At the University of Texas at Austin, there are calls to take down a statue of the Confederate president on campus.
Tired of using the same old adjectives “amazing” and “awesome?”
Author Arthur Plotnik has complied an entire book of alternatives “Better Than Great: A Plentitudinous Compendium of Wallopingly Fresh Superlatives.”
“Superlatives confer extreme value on something, we need them to celebrate the worthiest things in our lives,” Plotnik said. “When we use the same superlatives — awesome, amazing, unbelievable and incredible — we’re not celebrating anything.”
Introduction: When Worlds Coolide
From the category “Cool,” encompassing terms meaning extremely hip or with-it, and interjections proclaiming coolness.
Sometimes I imagine other civilizations watching us, observing our language, and borrowing the word cool to describe the myriad things that tickle their antennae. That’s how adaptable and irresistible cool is, a 1,500-year-old term that means somewhat less than cold and, since about 1950, somewhat more than “hot.”
As early as 1930, African-Americans were acclaiming hot stuff as cool, but in the ’50s the word acquired a nuance beyond the merely stylish and exciting. Among jazz musicians and finger-popping followers, it came to signify an understated soulfulness, a mellow quality calling for a restrained, discriminating style of acclaim. Lexicographers Harold Wentworth and Stuart Berg Flexner said it implied “intellectual, psychological, and/or spiritual excitement and satisfaction, negation of mere obvious, physical, sensual excitement.”
To be cool was a special thing, earned like flight wings, unlike the facile kull or way cool. Cool people decreed what was cool, whether bop, beat poetry, or a tie so narrow it was almost invisible. But like other punchy utterances, the word caught fire and in the next decades became a colloquial term of general approbation. A Secretary of State called foreign policy cool. Cornflakes, dad wearing a dress, and the neighbor’s house exploding were now cool, according to television spawn of Beavis and Butthead.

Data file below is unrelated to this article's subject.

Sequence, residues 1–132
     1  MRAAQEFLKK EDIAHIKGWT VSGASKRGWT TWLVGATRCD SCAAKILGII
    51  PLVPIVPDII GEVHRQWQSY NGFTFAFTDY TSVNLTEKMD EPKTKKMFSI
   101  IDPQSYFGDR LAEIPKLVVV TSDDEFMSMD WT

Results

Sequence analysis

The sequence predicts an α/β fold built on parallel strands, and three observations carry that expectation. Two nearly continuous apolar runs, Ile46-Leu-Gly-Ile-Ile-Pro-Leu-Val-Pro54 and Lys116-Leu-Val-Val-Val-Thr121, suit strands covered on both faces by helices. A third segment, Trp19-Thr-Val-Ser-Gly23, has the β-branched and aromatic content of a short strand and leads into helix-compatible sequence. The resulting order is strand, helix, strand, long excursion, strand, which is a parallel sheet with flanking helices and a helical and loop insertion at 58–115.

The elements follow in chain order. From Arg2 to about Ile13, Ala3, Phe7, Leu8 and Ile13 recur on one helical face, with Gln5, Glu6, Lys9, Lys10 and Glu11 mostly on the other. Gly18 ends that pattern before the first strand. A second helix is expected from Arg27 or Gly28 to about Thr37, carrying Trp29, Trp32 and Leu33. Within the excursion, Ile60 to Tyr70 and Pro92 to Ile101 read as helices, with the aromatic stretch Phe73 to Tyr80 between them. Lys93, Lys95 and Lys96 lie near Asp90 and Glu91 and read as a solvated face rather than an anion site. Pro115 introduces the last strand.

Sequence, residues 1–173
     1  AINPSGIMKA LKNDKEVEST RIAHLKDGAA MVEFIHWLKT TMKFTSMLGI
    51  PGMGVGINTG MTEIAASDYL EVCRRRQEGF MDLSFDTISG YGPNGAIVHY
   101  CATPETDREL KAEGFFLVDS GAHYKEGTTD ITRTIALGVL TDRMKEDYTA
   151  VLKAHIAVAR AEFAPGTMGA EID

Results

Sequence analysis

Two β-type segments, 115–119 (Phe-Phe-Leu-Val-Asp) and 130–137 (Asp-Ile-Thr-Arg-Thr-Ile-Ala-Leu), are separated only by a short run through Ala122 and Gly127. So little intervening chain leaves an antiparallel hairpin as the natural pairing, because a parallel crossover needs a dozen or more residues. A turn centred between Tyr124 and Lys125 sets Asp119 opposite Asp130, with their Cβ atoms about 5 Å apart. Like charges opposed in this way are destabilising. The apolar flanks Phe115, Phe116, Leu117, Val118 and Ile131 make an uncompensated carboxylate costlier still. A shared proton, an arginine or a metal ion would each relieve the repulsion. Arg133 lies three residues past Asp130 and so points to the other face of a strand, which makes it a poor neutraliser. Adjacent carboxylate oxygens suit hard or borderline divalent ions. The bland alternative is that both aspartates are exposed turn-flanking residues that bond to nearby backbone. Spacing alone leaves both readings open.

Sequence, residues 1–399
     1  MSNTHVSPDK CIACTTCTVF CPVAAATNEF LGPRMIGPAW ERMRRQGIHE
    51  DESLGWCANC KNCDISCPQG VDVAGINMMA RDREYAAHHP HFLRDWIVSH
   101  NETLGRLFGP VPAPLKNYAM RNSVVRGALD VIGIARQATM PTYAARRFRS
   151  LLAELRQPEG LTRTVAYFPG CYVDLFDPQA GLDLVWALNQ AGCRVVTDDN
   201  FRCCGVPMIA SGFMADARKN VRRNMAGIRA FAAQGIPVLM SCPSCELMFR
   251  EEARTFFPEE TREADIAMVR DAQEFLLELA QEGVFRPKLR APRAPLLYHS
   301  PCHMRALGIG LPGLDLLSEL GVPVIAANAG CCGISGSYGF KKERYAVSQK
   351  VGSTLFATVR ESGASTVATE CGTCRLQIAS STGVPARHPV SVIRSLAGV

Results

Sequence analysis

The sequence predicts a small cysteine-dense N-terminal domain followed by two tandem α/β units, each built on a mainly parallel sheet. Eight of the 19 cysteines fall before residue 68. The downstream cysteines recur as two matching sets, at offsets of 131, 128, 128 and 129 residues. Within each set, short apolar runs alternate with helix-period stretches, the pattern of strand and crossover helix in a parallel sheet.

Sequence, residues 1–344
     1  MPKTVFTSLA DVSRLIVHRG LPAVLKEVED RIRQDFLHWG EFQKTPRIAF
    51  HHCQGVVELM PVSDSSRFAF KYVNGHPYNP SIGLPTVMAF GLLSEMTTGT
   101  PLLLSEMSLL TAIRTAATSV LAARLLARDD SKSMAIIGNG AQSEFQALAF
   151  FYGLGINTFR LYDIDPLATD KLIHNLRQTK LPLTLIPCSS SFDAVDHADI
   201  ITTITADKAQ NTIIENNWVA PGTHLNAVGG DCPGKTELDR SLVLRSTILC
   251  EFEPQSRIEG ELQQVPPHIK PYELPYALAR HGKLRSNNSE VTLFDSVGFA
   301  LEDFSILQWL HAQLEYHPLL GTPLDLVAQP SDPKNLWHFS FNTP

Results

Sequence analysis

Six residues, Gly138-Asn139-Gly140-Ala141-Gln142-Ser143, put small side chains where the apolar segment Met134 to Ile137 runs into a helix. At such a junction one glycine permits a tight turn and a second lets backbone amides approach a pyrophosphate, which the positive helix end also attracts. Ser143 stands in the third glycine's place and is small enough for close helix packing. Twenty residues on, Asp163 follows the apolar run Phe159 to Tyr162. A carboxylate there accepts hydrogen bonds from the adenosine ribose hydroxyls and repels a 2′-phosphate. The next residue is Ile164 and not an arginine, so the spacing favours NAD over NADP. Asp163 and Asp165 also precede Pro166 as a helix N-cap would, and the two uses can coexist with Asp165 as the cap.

It was hardly the first time a superlative lost its specificity: Grand once meant preeminent; swell, a fashionable dresser. But rarely does a popular slang term go general and then hang on to its popularity for what might be—in cool’s case—indefinitely.
Even as universal and enduring a term as cool, however, needs its synonyms, if only for novelty of expression. And since novelty is brief, especially in the digi-sphere, trend-conscious acclaimers (including me) wait like chicks with open beaks for the next stylish or funky candidate.
For this category I’ve selected current synonyms, recent ones, plus some still-spry retro items. Of course by the time you read this, current may be retro and retro current; so it goes. I’ve also intensified terms (including cool) in a number of ways and suggested various new phrase-formations to trigger your own inventiveness.
As you go down the list, you may be as puzzled as I am as to how certain words have earned their street cred. Single-syllable length seems to help (dope, tight, phat, fly, def, etc.), as does being introduced by a rap or teen-movie star (fetch). Clever shortenings (leet for elite) and touches of rebelliousness (gangsta, ill) count for something, though not as much as in our next category, “Wicked Cool.” But meaning? It doesn’t always figure. Don’t try to make more of the superlative book, for example, than that a certain numerical texting code pops it up before the intended cool.
You can say book and I’ll say bangin’. But I believe that those other civilizations out there, the ones eyeing us, still favor cool—perhaps even calling us Planet Cool, our hotheadedness notwithstanding.
The List (S’s only)
savvy and saucy (—Shaun White)
screams (cool and fast)
so cool he’s/she’s evaporating
sprezzatura cool (I.: makes it look easy)
starkers cool (nakedly)
(Copyright Arthur Plotnik, 2011)
From controversial new textbooks to a Maverick family reunion, here are stories from Jeremy Hobson's week in Houston and San Antonio.